There is growing scientific recognition that physical activity and contact with urban green spaces have the potential to contribute positively to citizens’ health. However, many citizens are not familiar with the impact of urban environment on health and do not use the green spaces for physical activity or recreation. The achievement of healthier urban environments and healthy behaviour requires greater awareness and education of citizens on issues of environment and health. Citizens’ engagement in the research is an approach that develops and uses new technologies within local communities to collect and analyse data and to share knowledge. Active participation enables citizens to become more aware of how they can identify and tackle local ecological issues. The research model used in the development of the project “Urban Design and Physical Activity: a Kaunas Pilot Study”, which is a part of the European Commission’s H2020-SwafS-2018 program project Citizen Science for Urban Environment and Health (CitieS-Health), is built on Participatory Action Research.
The study will be conducted through collaboration between community members, community-based organisations, public health agencies, and educational institutions with the aim of outlining the citizens’ concerns and placing them at the centre of environmental epidemiology research by developing a kit that engages the citizens and presents evidence on how the urban design and physical activity affect citizens’ health and well-being. This research will enhance the understanding of issues that affect community health. The participants will benefit from increasing knowledge and the promotion of changes in health-related behaviour.
Figures: Information on the quantity of greenness in the residential setting (i.e., the Normalised Difference Vegetation Index NDVI, Fig. 3), the residence distance to a Kaunas city parks (Fig. 4), and the frequency and duration of mobility in green and urban areas (a self-reported questionnaire).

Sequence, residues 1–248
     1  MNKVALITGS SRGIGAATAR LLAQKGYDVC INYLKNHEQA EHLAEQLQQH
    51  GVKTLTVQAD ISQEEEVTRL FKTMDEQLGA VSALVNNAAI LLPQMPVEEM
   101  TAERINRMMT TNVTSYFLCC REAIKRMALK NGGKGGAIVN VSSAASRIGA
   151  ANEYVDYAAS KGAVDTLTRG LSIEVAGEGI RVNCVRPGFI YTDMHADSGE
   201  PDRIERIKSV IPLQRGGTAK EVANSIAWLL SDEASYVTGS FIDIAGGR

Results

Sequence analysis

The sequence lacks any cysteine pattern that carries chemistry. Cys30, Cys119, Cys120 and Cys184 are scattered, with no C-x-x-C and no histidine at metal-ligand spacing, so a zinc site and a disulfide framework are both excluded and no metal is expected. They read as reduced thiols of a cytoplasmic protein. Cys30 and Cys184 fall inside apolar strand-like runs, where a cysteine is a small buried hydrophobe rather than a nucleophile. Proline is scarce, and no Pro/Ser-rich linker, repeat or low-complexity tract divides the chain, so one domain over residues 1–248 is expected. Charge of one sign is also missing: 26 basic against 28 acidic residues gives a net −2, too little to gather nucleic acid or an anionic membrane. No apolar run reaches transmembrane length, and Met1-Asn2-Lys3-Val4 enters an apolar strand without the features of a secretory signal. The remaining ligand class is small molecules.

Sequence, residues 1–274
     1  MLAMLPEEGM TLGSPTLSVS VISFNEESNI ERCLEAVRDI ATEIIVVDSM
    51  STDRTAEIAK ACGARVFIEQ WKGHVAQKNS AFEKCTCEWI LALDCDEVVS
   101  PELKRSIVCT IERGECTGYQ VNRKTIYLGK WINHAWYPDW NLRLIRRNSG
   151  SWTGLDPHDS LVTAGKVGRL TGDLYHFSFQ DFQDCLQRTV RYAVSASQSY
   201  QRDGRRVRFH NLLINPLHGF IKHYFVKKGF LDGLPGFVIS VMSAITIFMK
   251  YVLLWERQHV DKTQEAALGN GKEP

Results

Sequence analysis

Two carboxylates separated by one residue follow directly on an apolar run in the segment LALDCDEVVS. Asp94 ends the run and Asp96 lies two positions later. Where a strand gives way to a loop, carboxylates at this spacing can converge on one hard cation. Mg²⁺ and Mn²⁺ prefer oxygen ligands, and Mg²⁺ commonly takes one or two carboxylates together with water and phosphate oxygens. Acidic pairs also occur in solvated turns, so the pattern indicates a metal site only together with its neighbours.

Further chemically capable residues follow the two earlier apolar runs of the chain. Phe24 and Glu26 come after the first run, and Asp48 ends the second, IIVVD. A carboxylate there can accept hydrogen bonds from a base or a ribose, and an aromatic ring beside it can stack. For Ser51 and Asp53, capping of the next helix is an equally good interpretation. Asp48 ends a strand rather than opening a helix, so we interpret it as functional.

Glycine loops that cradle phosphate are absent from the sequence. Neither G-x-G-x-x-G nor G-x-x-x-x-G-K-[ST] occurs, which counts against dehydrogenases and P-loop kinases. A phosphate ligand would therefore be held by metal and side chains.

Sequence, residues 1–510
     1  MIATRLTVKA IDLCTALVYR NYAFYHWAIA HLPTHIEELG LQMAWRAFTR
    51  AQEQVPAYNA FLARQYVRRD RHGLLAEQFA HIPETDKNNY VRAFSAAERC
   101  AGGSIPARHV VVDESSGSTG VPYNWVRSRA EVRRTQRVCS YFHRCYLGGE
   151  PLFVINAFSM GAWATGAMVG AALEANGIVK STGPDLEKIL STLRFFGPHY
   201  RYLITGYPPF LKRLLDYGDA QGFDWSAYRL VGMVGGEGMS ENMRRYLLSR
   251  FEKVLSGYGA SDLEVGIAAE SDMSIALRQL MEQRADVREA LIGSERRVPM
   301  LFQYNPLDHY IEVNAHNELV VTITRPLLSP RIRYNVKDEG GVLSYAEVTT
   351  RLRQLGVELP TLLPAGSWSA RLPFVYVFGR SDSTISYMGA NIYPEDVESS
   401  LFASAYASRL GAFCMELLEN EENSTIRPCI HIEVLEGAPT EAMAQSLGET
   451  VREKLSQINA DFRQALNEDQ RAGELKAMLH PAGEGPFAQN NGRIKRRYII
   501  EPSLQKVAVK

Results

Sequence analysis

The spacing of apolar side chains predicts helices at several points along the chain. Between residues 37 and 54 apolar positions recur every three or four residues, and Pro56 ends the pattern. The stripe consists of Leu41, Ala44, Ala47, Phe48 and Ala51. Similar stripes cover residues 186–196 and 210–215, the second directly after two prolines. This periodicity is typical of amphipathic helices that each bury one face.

Urban planning and green spaces are crucial for citizens’ well-being and physical activity. The achievement of healthier urban environments and healthy behaviour requires greater awareness and education of citizens on issues of environment and health. The Kaunas pilot study is an example of the use of citizen science to engage the public in environmental issues and education and to provide sound evidence for decision-making. “The potential benefits of citizen science for population health science include understanding the complexity of the local public health problems, public awareness of and respect for well-being, and suggestions of health and policy interventions”, explains Regina Grazuleviciene, from the Department of Environmental Science, Vytautas Magnus University (Lithuania) and coordinator of the CitieS-Health Kaunas pilot.
This participatory approach of the Kaunas CitieS-Health pilot study has a potential for a greater engagement of the society in knowledge production and use, the elucidation of the local environmental problems, tackling local ecological issues, and sharing knowledge. The collaborative research enhances the understanding of issues that affect the community’s health; the participants will benefit from increasing knowledge and the promotion of changes in health-related behaviour. This study will help the citizens acquire research skills, new knowledge, experience collaborating with scientists, and knowledge about healthy behaviour. The created toolkit on urban design and citizens’ physical activity will provide opportunities for new local and international collaborative research and policy recommendations.
This news has based on the article:
Regina Grazuleviciene, Sandra Andrusaityte, Audrius Dedele
Department of Environmental Science, Vytautas Magnus University (LITHUANIA)
Proceedings of EDULEARN19 Conference
1st-3rd July 2019, Palma, Mallorca, Spain
ISBN: 978-84-09-12031-4 8391